Bottom line: Tsinghua Unigroup is likely to win the bidding for a controlling stake in HP’s China-based networking equipment unit, and could help HP consolidate its place as one of China’s leading IT service providers.
Hewlett-Packard (NYSE: HPQ) is finding itself in a rare position of power in China, with word that an unusual bidding war has broken out as it looks for a partner to buy a controlling stake in its locally-based networking equipment unit. The development could bring not only a windfall in terms of money HP will get for its H3C Technologies unit, but will also allow it to choose between 2 potent partners to help consolidate its place as one of China’s leading IT services providers.
HP is in the process of splitting itself into 2 as part of a broader restructuring announced last fall. In this case the China-based H3C networking equipment venture would almost certainly go into its new HP Enterprise unit, focused on products and services for corporate customers. The other main unit under the break-up will include HP’s older PC and printer businesses, which will go by the name HP Inc.
The bidding war for H3C comes as a rare piece of good news for HP in China, where its core PC business has struggled for the last few years to the point of becoming a non-player in a market dominated by hometown giant Lenovo (HKEx: 992). But that’s really not too alarming these days, since PCs in general are fast heading towards extinction. HP has fared better in the faster-growing and more profitable IT services realm, where it is considered one of China’s top 5 players. That part of its business would almost certainly become part of the new HP Enterprise unit.
The H3C unit has a slightly complicated history, starting out as a China-based joint venture between Chinese networking equipment giant Huawei and US-based 3Com. 3Com later bought out Huawei’s stake in the venture, and HP took over the operations when it purchased 3Com in 2010, giving the former joint venture its current name of H3C.
Media have been reporting since last fall that HP was looking for a Chinese partner to buy a majority stake in H3C, and now the latest reports indicate a bidding war has broken out between 2 local companies with very different backgrounds. One of those is the Shanghai-based China Huaxin Post and Telecommunication Economy Development Center. The other is a telecoms chip company named Unigroup, which is connected to the prestigious Tsinghua University, China’s leading sciences university. (English article)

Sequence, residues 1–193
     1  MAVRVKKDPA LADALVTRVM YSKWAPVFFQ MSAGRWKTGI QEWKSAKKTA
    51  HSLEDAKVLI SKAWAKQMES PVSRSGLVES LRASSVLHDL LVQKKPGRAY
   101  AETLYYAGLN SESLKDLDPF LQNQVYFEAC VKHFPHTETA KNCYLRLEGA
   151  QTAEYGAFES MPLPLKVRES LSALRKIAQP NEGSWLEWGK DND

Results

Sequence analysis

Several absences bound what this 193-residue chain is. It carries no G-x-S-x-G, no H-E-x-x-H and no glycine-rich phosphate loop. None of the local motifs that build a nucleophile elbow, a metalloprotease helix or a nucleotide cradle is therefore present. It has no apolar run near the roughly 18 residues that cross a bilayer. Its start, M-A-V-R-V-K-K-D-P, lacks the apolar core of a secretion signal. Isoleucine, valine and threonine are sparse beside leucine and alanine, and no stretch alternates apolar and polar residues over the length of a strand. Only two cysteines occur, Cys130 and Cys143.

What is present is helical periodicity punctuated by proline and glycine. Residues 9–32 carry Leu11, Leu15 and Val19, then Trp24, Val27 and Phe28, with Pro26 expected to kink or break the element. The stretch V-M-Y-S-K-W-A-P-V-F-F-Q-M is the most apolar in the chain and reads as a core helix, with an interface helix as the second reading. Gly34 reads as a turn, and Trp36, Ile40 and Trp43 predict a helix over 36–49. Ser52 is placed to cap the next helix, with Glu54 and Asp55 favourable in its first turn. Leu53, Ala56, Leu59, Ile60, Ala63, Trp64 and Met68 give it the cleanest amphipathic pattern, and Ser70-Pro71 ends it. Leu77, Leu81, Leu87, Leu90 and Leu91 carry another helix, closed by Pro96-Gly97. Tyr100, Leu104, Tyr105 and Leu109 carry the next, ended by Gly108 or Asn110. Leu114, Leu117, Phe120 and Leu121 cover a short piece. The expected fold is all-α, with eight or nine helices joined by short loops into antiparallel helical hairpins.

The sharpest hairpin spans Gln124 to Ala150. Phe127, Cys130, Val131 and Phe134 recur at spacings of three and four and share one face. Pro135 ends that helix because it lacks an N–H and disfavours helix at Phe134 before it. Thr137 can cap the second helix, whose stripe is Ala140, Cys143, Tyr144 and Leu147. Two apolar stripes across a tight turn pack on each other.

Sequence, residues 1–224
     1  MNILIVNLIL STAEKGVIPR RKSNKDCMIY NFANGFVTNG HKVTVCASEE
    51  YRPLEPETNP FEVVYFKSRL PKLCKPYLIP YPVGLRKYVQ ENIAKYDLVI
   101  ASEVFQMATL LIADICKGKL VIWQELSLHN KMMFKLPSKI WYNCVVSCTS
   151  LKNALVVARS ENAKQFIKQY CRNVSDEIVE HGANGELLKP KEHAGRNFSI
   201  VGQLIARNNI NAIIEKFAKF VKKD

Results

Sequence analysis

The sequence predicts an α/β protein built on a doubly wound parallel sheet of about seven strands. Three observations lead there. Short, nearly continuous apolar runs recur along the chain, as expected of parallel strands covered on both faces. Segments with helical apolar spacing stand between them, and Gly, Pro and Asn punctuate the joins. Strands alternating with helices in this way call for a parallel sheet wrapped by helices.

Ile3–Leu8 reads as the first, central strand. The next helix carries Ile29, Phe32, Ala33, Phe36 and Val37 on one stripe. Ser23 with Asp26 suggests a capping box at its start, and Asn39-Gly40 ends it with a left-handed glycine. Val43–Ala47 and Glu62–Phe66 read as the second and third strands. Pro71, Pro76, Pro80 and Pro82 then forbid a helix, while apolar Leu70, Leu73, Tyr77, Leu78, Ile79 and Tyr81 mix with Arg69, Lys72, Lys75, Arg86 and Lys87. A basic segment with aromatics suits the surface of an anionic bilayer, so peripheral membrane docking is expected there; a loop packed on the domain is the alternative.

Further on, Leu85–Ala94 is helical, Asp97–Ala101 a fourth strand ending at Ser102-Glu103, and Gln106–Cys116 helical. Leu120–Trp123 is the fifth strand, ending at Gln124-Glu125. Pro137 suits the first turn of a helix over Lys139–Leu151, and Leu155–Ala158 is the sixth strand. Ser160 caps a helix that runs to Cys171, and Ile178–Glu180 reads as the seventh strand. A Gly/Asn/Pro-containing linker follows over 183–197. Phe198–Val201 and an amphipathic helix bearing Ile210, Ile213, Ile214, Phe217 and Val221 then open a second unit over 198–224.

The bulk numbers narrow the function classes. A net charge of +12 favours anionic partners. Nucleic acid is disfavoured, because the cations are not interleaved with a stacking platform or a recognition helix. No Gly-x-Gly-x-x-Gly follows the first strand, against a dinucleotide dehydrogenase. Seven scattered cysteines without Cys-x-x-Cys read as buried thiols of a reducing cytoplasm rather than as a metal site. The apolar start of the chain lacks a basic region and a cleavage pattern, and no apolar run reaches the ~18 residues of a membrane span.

HP believes H3C could be worth up to $5.5 billion, and thus the 51 percent of the unit it wants to sell should fetch a price of $2 billion or more. In this case Unigroup appears to have violated protocol by outbidding Huaxin without first getting official permission to even make such a bid. The reports say Huaxin had previously been selected by China’s powerful state planner as the preferred buyer, meaning it should have had exclusive rights to negotiate a deal. All investments of this size by Chinese firms must be approved by the planner, the National Development and Reform Commission (NDRC).
The latest reports say Unigroup is now lobbying the NDRC for permission to formally make its own bid, which would likely be higher, even as Huaxin objects. Unigroup has emerged as a player to watch in China’s IT space over the past year, after it privatized 2 of the country’s largest publicly traded telecoms chip design houses and signed a major equity tie-up with Intel (Nasdaq: INTC) last year. (previous post) Media reports had even emerged a month ago saying Unigroup was the preferred bidder for the H3C stake. (previous post)
I’m less familiar with Huaxin, which appears to be a more traditional maker of networking equipment. The latest reports say the Shanghai-based company is complaining loudly to the NDRC, asking it not to let Unigroup enter the final bidding at this late stage. I suspect the NDRC may ultimately reopen the process, as Unigroup exercises its strong government connections to lobby for such a move.
This particular bidding war seems to pit a traditional company, Huaxin, against a more aggressive upstart in Unigroup, as both vie to boost their presence in China’s IT services market. At the end of the day, Unigroup is likely to bid aggressively for the H3C stake, and I suspect it will ultimately win the war. That could be good news for HP, which will not only get a premium for the stake but could also emerge with a solid, well-connected partner to help maintain its status as one of China’s leading IT services providers.